The arrival of fall is the perfect time to get cozy with a cocktail or two, and what better way to celebrate than at the NYC Whiskey Feast? This spirit-focused fest will feature a wide variety of whiskey drinks and fall-themed dishes, like cranberry Old Fashioneds, sweet potato ramen burgers, and pumpkin spice cannoli. The festivities will also include samplings of warming whiskeys and lots of original whiskey cocktails, as well as a live DJ, photo booth, and "donut wall," although it's unclear what that has to do with whiskey.(Libby Torres)
November 11th at one of three sessions: afternoon (1:30 to 3:30 p.m.); evening (4:30 to 6:30 p.m.); and night (7:30 to 9:30 p.m.) // Hudson Terrace, 621 West 46th Street, Manhattan // Tickets $59 to $75
This is the good stuff. For a large portion of the 1980s, photographer Joseph Rodriguez spent his time inside the homes of Spanish Harlem residents, capturing it all. Whether it be wild street parties or impoverished tenement families crammed into a single room, the full spectrum of life in East Harlem was preserved by Rodriguez's film work, which will now go on display at the Bronx Documentary Center for an exhibition labeled "El Barrio." Expect big lapels, battered alleyways, abandoned buildings, smiling faces, sacred crosses, and more.
English shoegaze band Slowdive has made a bit of a comeback in recent years; after reuniting to play Barcelona's Primavera Sound festival in 2014, the band followed up a brief tour with an album, released in January of this year. And on November 12th, Slowdive will headline a show at Terminal 5 in support of the new album, titled, simply, "Slowdive." They'll be joined by precocious San Diego-based rock group Cherry Glazerr, who've gained a steady following in the southern California DIY scene and beyond since their formation in 2013. Even though shoegaze isn't a very prominent genre anymore, the influence of groups like Slowdive can definitely still be heard in today's music. (Libby Torres)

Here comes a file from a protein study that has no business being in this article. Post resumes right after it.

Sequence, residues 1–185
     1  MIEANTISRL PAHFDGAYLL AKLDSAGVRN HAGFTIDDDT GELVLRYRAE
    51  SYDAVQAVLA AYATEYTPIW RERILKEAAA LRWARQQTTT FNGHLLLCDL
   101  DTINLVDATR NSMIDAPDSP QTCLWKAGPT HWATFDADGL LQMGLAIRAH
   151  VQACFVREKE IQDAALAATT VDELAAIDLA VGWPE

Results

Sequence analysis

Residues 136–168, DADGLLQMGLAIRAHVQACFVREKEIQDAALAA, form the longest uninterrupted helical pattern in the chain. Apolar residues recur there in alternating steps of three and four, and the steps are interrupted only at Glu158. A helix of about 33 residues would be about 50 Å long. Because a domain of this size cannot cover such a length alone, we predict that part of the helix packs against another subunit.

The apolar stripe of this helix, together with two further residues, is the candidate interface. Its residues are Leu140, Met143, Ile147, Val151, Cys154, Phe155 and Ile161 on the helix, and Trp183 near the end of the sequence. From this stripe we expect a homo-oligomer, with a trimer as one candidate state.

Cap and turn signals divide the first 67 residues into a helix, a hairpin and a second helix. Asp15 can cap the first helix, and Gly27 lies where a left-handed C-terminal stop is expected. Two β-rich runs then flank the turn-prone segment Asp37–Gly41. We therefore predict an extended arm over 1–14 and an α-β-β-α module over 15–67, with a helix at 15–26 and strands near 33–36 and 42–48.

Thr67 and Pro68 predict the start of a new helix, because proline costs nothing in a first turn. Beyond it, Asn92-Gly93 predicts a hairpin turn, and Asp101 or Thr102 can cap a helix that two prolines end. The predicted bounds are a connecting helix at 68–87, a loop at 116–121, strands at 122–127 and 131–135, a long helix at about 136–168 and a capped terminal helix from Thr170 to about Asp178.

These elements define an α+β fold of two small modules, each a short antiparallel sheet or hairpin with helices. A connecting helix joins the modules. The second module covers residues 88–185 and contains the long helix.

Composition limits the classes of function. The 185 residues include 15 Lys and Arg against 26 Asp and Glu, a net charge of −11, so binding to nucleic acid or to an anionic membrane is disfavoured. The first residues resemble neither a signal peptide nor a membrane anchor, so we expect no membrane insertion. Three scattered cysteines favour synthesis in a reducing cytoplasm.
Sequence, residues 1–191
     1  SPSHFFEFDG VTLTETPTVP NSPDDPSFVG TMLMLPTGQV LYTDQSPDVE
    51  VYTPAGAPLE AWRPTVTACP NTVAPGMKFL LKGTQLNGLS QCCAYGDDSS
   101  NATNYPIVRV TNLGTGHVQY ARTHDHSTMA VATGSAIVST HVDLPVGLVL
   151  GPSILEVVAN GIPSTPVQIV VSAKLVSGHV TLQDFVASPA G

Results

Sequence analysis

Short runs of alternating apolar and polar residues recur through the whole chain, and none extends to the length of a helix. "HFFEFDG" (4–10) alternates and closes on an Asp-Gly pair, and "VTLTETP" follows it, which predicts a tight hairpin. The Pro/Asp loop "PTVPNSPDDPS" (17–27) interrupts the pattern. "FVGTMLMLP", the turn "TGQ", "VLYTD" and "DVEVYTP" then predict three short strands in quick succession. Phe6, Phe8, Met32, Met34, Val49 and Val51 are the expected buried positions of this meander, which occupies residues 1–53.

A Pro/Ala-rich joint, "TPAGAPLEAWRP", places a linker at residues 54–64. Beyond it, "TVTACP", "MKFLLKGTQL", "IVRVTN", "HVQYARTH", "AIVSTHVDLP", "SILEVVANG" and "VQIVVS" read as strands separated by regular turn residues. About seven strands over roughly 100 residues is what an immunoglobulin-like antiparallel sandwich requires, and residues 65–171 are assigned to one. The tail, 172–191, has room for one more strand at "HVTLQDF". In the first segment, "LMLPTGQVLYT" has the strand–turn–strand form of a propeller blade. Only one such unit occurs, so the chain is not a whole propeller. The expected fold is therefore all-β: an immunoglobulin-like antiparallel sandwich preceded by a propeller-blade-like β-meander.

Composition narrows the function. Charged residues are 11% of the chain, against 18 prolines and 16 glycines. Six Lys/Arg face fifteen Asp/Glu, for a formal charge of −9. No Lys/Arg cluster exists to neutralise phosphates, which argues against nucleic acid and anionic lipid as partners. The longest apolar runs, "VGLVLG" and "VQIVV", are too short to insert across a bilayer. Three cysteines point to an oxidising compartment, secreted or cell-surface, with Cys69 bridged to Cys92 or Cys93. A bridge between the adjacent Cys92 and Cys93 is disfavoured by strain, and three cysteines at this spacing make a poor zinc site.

If you've got money to burn and are itching to dance, then seize the opportunity to party your ass off at the Whitney this month during their annual Art Party, a fete that benefits the museum's independent study program and is regularly one of the fall highlights for art scene socialites and casual fans alike. Music collective The Misshapes will be DJing the evening, which means things will rock so hard the frames might fall off.
Tuesday, November 14th, 9 p.m. - 12:30 p.m. // Whitney Museum of American Art, 99 Gansevoort Street, Manhattan // Tickets $200 and up
Yasmine Hamdan, legendary co-founder of the Soapkills, one of the first electronic indie bands in the Middle East, brings her cosmopolitan, Arabic pop fusion to (le) poisson rouge on Thursday, November 16. Hamdan burst onto the international music scene in 2013 with her debut solo album, Ya Nass, and stole the show in a wonderfully atmospheric scene in Jim Jarmusch’s clever and moody Only Lovers Left Alive. Hamdan continues her evolution with her new album Al Jamilat (‘The Beautiful Ones’) which continues her exploration of the boundaries of traditional Arabic vocals while incorporating electronic, pop, and folk elements. An artist not to be missed. (Sarah Amar)
Billed as the world's largest curated showcase of independent craft and design, the globetrotting Renegade Craft Fair touches down in New York this month, bringing along a battalion of makers to the Metropolitan Pavilion. But just what are these "makers"? Are they sentient Pinterest boards? Are they megacapitalists draped in bespoke linen? Or are they just nice folks who love chef aprons, ceramics, and wooden spoons? The answer to these and other crafting questions nobody thought to ask will be revealed if you attend (and you'll probably cop some cool stuff).
Blog and magazine Got a Girl Crush is teaming up with Brooklyn's New Women Space for their 2nd Annual Print & Zine Fest later this month. The fest will of course include lots of zines and prints for sale, created by artists with a wide variety of gender identities. New Women Space seeks to recognize and emphasize the voices of marginalized folks, and as such, all of their programming is led by self-identified female, femme, queer, trans and gender-nonconforming individuals. The $2 suggested ticket price will go directly to the Ali Forney Center, an organization that helps homeless LGBTQ youth get back on their feet. (Libby Torres)
If you're staying in town for Thanksgiving this year then you're going to need a clean party, reasonably priced. The Bell House will become The Road House for Peaksgiving as it brings fans of Twin Peaks in for a holiday full of coffee, dancing, and Tibet. Audio-visuals from a place both wonderful and strange and a discussion of the screen as mirror in Lynch's masterful series will be just some of the entertainment happening, and we can only assume that once the formal program has ended, the jukebox will keep playing all night long. There'll also be some fantastic trees—big, majestic.
Prepare to have your consciousness melted. At the end of the month, genre-defying composer Hans Tammen will unveil "Crossing the Lagrangian Point," a multi-segmented piece performed by nearly a dozen light and sound performers, along with something called a spatialist. Blipping strings, swelling LEDs, and droning synths will blend to form a new and strange sonic universe as bizarre images are projected onto the ceilings and walls of the cavernous Knockdown Center. At the center of it all with be a "spatialist" who will literally move sounds about the room using an 8-channel sound system. You've definitely never experienced anything that comes close to this.